My rating: 3 of 5 stars
The poignant story of Zarité, a black slave in Saint-Domingue (now Haiti) and later in New Orleans in the 18th Century.
I have read this book in the original language (Spanish), and Allende’s prose is simple and elegant, yet extremely vivid. The book is a mix of fairly detailed historical fiction and the slave Zarité’s voice, which brings an element of immediacy to the events. When she speaks for Zarité, Allende can shock us with the casual way the slave speaks of her treatment (e.g., her master extinguishing his cigar on her), and so gives us the utter helplessness of the slave.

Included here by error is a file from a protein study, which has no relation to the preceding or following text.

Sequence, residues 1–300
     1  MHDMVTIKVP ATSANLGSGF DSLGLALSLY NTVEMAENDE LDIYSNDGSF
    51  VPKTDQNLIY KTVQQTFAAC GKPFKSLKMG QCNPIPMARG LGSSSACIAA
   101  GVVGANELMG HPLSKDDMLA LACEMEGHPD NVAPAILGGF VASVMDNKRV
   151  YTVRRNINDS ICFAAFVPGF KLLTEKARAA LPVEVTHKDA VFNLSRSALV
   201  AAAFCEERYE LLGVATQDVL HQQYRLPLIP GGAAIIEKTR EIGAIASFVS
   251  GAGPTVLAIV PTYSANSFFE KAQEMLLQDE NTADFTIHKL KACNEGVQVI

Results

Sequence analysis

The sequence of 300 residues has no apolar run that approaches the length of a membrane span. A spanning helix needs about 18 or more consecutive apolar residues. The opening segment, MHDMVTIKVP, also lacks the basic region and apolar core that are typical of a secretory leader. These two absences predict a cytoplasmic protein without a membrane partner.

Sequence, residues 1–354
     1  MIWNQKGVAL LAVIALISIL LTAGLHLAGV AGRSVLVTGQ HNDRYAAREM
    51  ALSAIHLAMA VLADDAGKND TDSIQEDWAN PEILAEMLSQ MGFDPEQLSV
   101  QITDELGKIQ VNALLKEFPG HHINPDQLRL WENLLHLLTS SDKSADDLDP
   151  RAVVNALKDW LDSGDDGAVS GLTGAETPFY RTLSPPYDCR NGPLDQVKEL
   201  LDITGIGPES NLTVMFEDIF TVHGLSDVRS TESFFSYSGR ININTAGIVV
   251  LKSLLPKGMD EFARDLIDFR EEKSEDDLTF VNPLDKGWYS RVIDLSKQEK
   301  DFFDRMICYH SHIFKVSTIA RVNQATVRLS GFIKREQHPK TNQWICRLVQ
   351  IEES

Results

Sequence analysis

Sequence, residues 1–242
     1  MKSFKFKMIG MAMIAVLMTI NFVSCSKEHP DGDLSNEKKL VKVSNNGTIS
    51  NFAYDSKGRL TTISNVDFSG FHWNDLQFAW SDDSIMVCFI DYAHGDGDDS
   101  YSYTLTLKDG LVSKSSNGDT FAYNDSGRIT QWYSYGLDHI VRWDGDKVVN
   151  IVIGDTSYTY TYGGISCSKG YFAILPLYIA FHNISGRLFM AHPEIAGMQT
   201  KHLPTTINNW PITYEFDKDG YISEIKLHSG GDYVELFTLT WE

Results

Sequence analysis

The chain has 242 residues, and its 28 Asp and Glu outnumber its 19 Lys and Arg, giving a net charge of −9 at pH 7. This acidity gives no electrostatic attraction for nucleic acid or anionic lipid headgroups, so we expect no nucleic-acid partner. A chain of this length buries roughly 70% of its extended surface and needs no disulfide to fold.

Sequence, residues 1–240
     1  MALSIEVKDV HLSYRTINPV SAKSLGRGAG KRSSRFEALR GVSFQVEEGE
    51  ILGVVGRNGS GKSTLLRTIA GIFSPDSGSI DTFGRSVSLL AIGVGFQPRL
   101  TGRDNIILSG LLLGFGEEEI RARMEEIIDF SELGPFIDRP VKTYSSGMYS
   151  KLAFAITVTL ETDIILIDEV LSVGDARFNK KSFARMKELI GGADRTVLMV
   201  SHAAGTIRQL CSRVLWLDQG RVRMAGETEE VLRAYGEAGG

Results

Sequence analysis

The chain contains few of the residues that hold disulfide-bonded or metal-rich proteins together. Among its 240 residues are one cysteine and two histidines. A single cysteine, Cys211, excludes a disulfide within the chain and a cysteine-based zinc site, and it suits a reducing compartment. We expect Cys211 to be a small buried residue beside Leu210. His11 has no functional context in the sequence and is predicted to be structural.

But Allende shows us also the cost of becoming free–a fact that Haiti, in a way, has never recovered from–and, despite the inescapable disgust of slavery she creates in the reader, she also succeeds in making us see the slave owners’ point of view, in all its callousness, insensitivity, greed, and ignorance.
If I have one criticism it’s the slow pace of the book, maybe due to the detailed historical events she uses as parentheses to the story. It was sometimes a bit plodding, although it opened my eyes to the plight of the slaves at the inception of the slave trade.
Well worth the read.